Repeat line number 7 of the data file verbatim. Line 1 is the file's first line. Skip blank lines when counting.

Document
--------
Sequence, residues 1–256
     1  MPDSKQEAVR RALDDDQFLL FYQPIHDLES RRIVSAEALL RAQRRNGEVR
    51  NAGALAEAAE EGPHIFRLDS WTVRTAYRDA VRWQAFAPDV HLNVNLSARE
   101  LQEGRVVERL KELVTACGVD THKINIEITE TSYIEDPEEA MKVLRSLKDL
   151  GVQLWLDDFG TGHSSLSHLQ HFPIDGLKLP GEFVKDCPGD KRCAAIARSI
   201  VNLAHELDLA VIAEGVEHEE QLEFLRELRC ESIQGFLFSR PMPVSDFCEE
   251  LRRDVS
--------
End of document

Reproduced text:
   251  LRRDVS